Ahhh … that salt-tinted and relaxing breeze off the ocean as waves lap at the sides of your trusty steamship. Sitting astern and sipping a margarita as you gaze longingly over the open sea as it calls to your sense of exploration and excitement. Trusted and loved by your crew, you take your steamship to the open waters in search of a new beginning and an end to old worries … Then you wake up from your relaxing little dream as Sunless Sea is literally none of those things. Set in a fallen London, where the gothic, near grimdark city has fallen into the darkness of a watery abyss and haunted by nightmare creatures straight out of an H.P. Lovecraft novel. Live in terror, manage your supplies, cannibalize your crew, complete your quests, discover secrets, and flee the horrors of the night. Sunless Sea is a near-perfect port of a near-perfect survival/exploration game that centers around a small crew and its captain.
I loved Sunless Sea and its spiritual sequel, Sunless Skies, both being among the most atmospheric nightmare titles I have ever experienced. Never during the near 100 hours of gametime did I think, “gee, this game would be great on console” and now? I wonder what I was thinking because Sunless Sea fits so well with controller support and on the PlayStation 4 that I am a bit shocked that I did not think of it. Sunless Sea just sort of … fits … on console and Failbetter Games’ port of Sunless Sea is excellent.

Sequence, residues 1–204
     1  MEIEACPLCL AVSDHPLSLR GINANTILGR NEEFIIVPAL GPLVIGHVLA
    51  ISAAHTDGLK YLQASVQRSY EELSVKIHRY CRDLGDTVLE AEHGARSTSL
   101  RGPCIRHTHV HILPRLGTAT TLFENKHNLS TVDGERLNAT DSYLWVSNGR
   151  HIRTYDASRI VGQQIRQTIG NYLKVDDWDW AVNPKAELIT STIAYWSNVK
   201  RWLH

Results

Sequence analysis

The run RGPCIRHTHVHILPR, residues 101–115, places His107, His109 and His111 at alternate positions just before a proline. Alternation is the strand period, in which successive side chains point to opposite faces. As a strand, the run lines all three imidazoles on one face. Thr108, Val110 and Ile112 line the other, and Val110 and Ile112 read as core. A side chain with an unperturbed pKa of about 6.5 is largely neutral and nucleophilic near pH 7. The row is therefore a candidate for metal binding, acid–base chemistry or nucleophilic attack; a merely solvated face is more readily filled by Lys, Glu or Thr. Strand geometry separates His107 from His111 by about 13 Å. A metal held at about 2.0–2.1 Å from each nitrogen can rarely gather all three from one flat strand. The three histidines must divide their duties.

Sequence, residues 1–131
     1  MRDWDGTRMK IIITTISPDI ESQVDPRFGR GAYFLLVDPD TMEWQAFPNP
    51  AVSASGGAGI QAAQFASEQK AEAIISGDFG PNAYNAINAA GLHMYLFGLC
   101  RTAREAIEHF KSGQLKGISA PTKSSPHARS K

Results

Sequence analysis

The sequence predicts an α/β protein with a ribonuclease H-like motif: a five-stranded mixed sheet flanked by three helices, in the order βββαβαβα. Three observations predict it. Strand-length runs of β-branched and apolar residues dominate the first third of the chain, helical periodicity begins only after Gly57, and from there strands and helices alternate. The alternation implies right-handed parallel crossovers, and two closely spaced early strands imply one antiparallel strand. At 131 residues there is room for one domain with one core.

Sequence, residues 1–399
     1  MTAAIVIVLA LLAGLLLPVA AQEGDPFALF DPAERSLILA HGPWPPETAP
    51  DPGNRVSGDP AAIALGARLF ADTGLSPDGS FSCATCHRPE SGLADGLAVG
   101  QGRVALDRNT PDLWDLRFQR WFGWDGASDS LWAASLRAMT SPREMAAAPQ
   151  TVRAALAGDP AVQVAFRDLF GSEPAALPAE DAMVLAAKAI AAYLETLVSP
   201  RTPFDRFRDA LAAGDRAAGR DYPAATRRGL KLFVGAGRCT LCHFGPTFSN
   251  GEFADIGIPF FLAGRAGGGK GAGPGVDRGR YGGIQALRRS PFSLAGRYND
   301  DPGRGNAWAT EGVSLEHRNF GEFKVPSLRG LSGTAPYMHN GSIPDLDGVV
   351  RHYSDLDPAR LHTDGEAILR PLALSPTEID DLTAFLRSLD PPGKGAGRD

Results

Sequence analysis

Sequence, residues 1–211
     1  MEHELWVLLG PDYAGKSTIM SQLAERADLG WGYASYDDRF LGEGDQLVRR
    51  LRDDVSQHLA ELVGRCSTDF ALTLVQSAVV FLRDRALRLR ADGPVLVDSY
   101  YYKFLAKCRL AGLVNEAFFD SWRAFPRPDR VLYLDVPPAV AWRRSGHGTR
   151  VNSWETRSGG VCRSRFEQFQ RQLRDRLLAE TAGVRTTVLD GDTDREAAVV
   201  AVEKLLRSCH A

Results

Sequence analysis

For those that have not played the original PC version of Sunless Sea, shame on you, but those looking for something different, something darker and something more story-driven, then this is most certainly a title for you. Text-heavy as it is, Sunless Sea is about not just mystery, but exploration and managing various resources, including terror. Taking place in an alternate universe where London has fallen into a vast underground sea called the Unterzee, you build your captain’s background (or you do not; this game is about choice) then set sail into the Lovecraftian world of Sunless Sea.
Something to note is that though there is some action in Sunless Sea: Zubmariner, the game focuses mostly on exploring a mid-sized map and completing quest-like puzzles. In fact, it is laid out not unlike a board game, specifically the one that comes to mind is Mansions of Madness. It could be the setting, or the art style, or even the overall structure of the quests/missions. I also found that during the PC playthroughs I have done and the PS4 version, oddly enough, Sunless Sea would be perfect to record, narrate, and upload to Youtube for players the world over to have running in the background as something of a narrative adventure soundtrack. Though it may not be exciting to watch, the writing is spectacular and would play out in a manner similar to an audiobook. Few games can do that well, and Failbetter Games’ Sunless Sea: Zubmariner edition excels at it.